The Irish Republican Army offered no hint Wednesday in its annual Easter statement that it would ever disarm, and instead blamed Britain for upsetting Northern Ireland's 2-year-old peace accord.
The outlawed IRA did not once mention disarmament, the issue that has brought political progress in this British-ruled territory to a standstill.
The statement, issued to journalists before Thursday's publication in the weekly IRA-Sinn Fein newspaper Republican News, was being studied closely by the British and Irish governments for signs of new thinking.
The British and Irish prime ministers, Tony Blair and Bertie Ahern, plan to meet Thursday in London to discuss a new initiative for breaking the deadlock. Blair spent much of Tuesday in Northern Ireland trying to win new commitments from local parties, particularly the IRA-linked Sinn Fein.
But the IRA's 14-paragraph statement - due to be read aloud this weekend at rallies of IRA supporters across Ireland - stuck to traditional themes of defiance and blame.
It declared that Britain had been wrong in February to suspend the powers of Northern Ireland's joint Catholic-Protestant administration after 11 weeks in office.
Britain at the time insisted it had to resume direct rule of Northern Ireland or watch the province's major Protestant party, the Ulster Unionists, withdraw from the administration, which had been proposed in the 1998 peace accord. The Ulster Unionists had agreed to work alongside Sinn Fein in the four-parresponse. But the IRA refused.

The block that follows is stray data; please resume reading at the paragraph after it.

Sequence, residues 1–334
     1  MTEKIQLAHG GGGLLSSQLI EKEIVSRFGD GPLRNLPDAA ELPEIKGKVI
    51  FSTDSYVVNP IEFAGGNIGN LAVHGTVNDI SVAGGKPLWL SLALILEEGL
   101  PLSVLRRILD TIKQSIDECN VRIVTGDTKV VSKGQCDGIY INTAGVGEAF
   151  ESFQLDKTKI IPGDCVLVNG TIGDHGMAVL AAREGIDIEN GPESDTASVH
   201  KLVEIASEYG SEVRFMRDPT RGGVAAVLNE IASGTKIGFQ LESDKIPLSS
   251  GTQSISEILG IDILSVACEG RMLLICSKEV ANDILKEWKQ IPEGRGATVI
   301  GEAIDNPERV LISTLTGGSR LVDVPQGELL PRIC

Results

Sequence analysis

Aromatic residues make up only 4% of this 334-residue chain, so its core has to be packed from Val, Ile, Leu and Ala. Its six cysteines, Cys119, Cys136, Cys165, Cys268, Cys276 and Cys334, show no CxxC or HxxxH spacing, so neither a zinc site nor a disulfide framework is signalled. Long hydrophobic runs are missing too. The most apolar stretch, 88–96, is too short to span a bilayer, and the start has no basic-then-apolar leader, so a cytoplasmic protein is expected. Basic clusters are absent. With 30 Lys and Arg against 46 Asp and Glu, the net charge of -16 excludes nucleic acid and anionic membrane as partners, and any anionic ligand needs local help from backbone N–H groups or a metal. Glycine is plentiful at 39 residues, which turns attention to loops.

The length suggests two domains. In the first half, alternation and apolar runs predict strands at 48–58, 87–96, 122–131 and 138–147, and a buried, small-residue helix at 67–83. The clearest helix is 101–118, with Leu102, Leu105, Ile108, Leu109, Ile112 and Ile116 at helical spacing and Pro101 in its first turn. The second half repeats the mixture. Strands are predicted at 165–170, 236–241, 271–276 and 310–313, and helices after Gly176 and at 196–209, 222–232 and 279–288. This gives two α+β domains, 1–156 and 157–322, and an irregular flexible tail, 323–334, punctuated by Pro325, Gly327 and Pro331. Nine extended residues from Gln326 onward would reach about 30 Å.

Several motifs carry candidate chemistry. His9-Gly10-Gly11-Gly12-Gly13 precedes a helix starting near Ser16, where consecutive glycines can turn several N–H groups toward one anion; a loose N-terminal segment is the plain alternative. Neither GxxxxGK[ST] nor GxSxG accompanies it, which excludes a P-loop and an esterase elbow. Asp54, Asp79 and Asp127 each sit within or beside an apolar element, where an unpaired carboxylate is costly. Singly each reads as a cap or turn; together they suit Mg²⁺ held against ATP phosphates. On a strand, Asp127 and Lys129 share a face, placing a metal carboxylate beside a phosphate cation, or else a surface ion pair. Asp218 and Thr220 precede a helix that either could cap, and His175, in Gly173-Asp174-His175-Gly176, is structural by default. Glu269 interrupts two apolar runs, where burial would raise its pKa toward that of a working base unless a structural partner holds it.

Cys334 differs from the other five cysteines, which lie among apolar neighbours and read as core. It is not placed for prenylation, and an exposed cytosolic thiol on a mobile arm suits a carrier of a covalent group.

And in Wednesday's statement the IRA indicated that its 1997 cease-fire - halting a 27-year campaign to destabilize Northern Ireland as a Protestant-majority state - was all the group would have to offer.
"The British government's unilateral decision to collapse the political institutions in February highlights a lack of political will to bring about meaningful change," the IRA said.
"The British government cannot hide behind or underwrite unionist intransigence, or those who seek a military victory over the IRA," the group said.
The IRA accused the British army of deploying extra troops and resources in the most staunchly pro-IRA areas of Northern Ireland. It accused Northern Ireland's predominantly Protestant police force of trying to recruit informers and spies within IRA ranks.
"Those who seek a military victory need to understand that this cannot and will not happen," the group said.
The Good Friday accord of 1998 proposed a Catholic-Protestant administration in Northern Ireland that would take many responsibilities away from the British government, which assumed direct control of the province in 1972. The accord reaffirmed that the province should remain part of the United Kingdom, but should also build political ties with the rest of Ireland as many Catholics wished.
Crucially, though, the accord expected Northern Ireland's rival outlawed groups - the IRA in hard-line Catholic areas and so-called loyalist groups in Protestant areas - to disarm gradually in cooperation with an international commission. The target for the groups' total disarmament was to have been May 22, a deadline all sides now consider unrealistic.
An IRA commander began meeting the disarmament commission after Sinn Fein gained its two posts within the 12-member administration, but he did not offer any concrete commitments. The IRA withdrew from the secret dialogue once Britain suspended the administration's powers.Reuse content